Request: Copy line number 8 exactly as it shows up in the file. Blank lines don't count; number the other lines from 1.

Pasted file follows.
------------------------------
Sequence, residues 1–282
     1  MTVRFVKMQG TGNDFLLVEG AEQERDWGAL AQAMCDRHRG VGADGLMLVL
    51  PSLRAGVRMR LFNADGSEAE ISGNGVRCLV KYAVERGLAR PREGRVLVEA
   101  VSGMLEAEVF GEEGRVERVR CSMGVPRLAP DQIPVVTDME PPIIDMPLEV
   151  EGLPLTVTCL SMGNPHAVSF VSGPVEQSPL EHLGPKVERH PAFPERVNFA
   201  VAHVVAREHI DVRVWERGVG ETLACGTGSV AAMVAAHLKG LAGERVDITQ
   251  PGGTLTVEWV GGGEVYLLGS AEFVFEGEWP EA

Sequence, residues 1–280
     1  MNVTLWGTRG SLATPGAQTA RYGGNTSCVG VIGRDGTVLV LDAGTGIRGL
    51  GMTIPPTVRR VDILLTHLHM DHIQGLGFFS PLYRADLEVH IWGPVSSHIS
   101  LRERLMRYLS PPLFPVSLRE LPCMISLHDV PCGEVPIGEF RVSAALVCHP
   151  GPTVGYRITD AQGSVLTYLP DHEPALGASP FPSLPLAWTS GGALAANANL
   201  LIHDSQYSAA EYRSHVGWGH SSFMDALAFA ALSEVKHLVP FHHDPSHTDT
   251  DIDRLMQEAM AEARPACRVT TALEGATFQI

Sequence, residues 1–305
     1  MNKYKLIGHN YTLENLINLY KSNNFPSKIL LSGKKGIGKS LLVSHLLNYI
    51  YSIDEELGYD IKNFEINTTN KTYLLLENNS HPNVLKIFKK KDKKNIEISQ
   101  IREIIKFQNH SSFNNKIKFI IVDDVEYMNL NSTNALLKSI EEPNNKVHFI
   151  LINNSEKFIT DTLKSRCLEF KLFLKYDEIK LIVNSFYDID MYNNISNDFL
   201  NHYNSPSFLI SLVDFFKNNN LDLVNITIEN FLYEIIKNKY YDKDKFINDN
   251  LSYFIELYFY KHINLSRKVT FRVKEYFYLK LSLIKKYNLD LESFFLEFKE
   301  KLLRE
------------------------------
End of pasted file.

Sequence, residues 1–280